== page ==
9-Dec-2015 Source: Ornge
– STARS and Ornge air ambulance services are partnering to raise
awareness of snowmobile safety in an effort to reduce snowmobile related injuries and fatalities in
Canada this winter season. The partnership marks the first time two air ambulance services in Canada
have jointly promoted safe riding.
Since 2013, Ornge has transported more than 140 patients related to snowmobile trauma. During this
same time period, STARS responded to 46 snowmobile related emergencies.
“STARS and Ornge share a common goal of saving lives across Canada,” says STARS president and CEO
Andrea Robertson. “By partnering together we want to increase safety for Canadians who use
snowmobiles for work and recreation.”
Snowmobile enthusiasts need to make informed and proactive snowmobile-related decisions to
improve the wellbeing of passengers and drivers. STARS and Ornge encourage riders to obtain safety
training and drive sober.
“Ornge responds to hundreds of snowmobile and recreational vehicle trauma,” says Dr. Andrew
McCallum, President and CEO of Ornge. “One is too many. Through our partnership with STARS, we
want to emphasize the importance of making informed and safe decisions while enjoying the trails this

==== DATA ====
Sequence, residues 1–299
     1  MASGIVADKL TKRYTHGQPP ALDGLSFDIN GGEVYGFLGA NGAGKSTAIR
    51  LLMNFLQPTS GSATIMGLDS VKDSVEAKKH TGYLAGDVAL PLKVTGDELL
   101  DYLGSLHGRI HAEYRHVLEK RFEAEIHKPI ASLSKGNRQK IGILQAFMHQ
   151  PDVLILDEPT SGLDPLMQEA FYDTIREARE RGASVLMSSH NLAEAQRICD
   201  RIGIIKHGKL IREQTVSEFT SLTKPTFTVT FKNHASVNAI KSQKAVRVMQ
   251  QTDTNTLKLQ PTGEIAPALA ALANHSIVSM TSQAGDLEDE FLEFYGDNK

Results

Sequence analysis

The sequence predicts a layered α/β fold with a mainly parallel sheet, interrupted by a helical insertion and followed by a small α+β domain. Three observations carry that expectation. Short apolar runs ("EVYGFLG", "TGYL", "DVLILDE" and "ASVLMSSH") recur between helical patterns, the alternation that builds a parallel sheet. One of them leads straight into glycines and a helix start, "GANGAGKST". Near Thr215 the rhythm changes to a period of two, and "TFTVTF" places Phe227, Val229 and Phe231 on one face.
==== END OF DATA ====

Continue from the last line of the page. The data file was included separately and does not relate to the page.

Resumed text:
winter season. ”
To arrive home safely, snowmobilers are encouraged to:
1. Know the scenario, and expect the unexpected.
2.Spread out to avoid collisions.
3. Be vigilant and remain situationally aware.
4. Stay on the trail and keep to the right.
5. Pack an emergency kit to prepare for emergency situations.
6. Drive sober.
7.Ride within your abilities and recognize potential hidden hazards including barbed wire fences,
railway tracks, steep drops and avalanche areas.
8.Be mindful of changing weather conditions, thin ice and poor visibility.
9.Wear appropriate safety gear.
10.Avoid riding in unfamiliar areas at night.
11.Take precautions to protect against hypothermia, frostbite and snow blindness.
12.Take extra care when carrying passengers and only use snowmobiles designed for that purpose
and carry one passenger at a time.
13.Let someone knows where you will be, and when you expect to return.
14.Avoid riding alone.
15.Carry GPS, an emergency beacon, avalanche airbag (where appropriate), radio, first aid kit, tow
rope, saws, extra clothing and rations.
16.Maintain equipment in good working order.
17.Take a safety course.
Flight crew members from both organizations are available to speak with media today at bases across
Ontario, Manitoba, Saskatchewan and Alberta.
The Shock Trauma Air Rescue Society (STARS) is a non-profit helicopter emergency medical service
(EMS) that provides rapid and specialized medical care and transportation for critically ill and injured
patients. STARS has flown more than 30,000 missions since it began in 1985, and operates 24-hours a
day with 11 helicopters at six bases in Winnipeg, Regina, Saskatoon, Calgary, Edmonton, and Grande
Ornge, a not-for-profit organization, co-ordinates all aspects of Ontario’s air ambulance system, the
critical care land transport program, paediatric transport program and the authorization of air and land
ambulance transfers between hospitals. Ornge performs more than 18,000 patient transports in Ontario